Here Mr Matola gave the example of a tracker working at a game lodge. Currently, there is no official recognition of his skill and knowledge of the environment. The Bill would allow him to receive formal certification that would be recognised by future employers and thus facilitate career development. The certification would be based on current knowledge and experience as demonstrated in a field evaluation.
-Procedures for lodging complaints and guidelines for disciplinary measures would be developed.
-Illegal guiding or the employment of illegal guides would be criminalised.
-Guides not currently registered would be able to obtain provisional registration.

Mr Matola ended his presentation by drawing the Members' attention to two specific issues.

The first was that the mandate to transfer functions to the provinces was not going to be adequately funded. He said that this could be addressed by an initial transfer of funding from SATOUR for start-up costs. Thereafter, the registration function should become revenue generating (as registration fees are collected) in those provinces where many guides operate. In those provinces where there are few guides, the registration could be undertaken by existing personnel.

The second issue Mr Matola underlined was the choice of the word "competence" in Section 21 of the Bill. The choice of this word was intended to capture demonstrable knowledge and skill that does not assume literacy or formal educational requirements.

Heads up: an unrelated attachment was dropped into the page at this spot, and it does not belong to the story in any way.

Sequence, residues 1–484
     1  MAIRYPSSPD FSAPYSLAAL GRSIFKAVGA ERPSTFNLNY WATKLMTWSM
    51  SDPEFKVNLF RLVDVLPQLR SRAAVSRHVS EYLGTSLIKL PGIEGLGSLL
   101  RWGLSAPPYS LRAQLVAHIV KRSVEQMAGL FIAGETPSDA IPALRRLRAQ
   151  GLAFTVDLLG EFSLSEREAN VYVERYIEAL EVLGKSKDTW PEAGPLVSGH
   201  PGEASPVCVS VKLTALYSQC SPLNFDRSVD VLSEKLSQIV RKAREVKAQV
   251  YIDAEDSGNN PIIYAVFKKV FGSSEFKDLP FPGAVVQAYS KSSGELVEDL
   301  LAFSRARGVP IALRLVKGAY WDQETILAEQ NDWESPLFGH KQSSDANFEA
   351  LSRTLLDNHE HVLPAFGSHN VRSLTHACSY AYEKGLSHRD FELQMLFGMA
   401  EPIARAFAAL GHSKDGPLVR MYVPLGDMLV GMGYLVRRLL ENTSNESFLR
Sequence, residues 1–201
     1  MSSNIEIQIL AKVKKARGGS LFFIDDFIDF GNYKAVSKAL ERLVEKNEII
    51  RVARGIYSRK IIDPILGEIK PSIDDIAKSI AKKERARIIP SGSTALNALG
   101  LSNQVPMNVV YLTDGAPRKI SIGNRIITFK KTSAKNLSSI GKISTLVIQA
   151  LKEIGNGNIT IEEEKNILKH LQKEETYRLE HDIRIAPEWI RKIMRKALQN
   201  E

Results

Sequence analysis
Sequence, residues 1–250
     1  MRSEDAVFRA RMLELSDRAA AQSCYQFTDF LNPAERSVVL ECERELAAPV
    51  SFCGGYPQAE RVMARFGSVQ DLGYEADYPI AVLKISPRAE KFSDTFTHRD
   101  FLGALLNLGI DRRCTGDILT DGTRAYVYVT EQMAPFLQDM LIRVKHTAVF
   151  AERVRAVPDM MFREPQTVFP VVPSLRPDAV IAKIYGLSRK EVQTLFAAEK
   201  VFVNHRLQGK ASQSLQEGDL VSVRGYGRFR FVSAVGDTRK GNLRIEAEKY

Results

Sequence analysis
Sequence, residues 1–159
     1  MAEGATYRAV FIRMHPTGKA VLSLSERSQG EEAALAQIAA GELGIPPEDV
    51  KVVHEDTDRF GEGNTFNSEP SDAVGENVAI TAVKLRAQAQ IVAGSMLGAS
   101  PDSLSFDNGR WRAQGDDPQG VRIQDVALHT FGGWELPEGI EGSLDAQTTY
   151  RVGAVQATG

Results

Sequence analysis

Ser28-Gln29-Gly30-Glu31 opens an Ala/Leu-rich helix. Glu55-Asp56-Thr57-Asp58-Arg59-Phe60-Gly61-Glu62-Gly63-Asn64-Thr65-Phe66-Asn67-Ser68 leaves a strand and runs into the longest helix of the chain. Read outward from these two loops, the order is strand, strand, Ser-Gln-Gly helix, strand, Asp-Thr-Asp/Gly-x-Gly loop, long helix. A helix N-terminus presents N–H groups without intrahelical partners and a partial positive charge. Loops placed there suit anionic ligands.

Mr Van Niekerk (NNP-Northern Cape) asked if research had been done on the revenue that could in fact be generated, and was concerned about the lack of provision in the Bill for funding for the provinces.

Mr Matola replied that research into cost and revenue had been done based on the number of guides in each province. He explained that the arrangements for transitional funding had only come up after the Bill had been tabled. However, it could still be captured in the Bill.

Ms Fubbs, a special delegate from Gauteng, submitted a detailed list of questions indicating the concerns of that province. She requested clarification on the definition of field guides, the grace-period for registration, discipline, monitoring and evaluation. Overall, Gauteng was concerned about whether the Bill had succeeded in harmonising job creation with rising costs to the industry. Of special interest to Gauteng is the additional burden that may be placed on the police force.

Mr Matola replied that the use of the police force would only occur in extreme cases. Usually, fines would suffice in cases of contravention. Enforcement could be linked to other line functions, and it would be up to the province to decide where to make those linkages.

On the issue of the grace-period for registration, Mr Matola clarified that non-registered guides would have two years in which to obtain provisional registration. Within six months of obtained provisional registration, they would have to go through a quality assurance programme to establish competence.

Reverend Chabaku expressed her satisfaction with the framing of the Bill, especially its attention to increased access to the tourist guiding sector. She is equally concerned though with encouraging local tourism, and asked for the definition of "tourist" in terms of the Bill.

Mr Matola replied that the definition is taken from the World Tourist Organisation and includes local people.

Another meeting will be scheduled to debate the Bill clause-by-clause, and this may be combined with a briefing on the fishing industry.